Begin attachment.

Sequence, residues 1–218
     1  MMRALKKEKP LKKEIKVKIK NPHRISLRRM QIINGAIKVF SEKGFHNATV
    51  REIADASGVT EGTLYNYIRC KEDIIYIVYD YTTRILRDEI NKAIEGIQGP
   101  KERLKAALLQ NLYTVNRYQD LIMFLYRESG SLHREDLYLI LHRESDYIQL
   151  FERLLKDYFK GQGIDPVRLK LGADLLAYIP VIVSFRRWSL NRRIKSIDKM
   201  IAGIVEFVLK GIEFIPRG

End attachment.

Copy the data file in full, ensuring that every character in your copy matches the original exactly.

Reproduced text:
Sequence, residues 1–218
     1  MMRALKKEKP LKKEIKVKIK NPHRISLRRM QIINGAIKVF SEKGFHNATV
    51  REIADASGVT EGTLYNYIRC KEDIIYIVYD YTTRILRDEI NKAIEGIQGP
   101  KERLKAALLQ NLYTVNRYQD LIMFLYRESG SLHREDLYLI LHRESDYIQL
   151  FERLLKDYFK GQGIDPVRLK LGADLLAYIP VIVSFRRWSL NRRIKSIDKM
   201  IAGIVEFVLK GIEFIPRG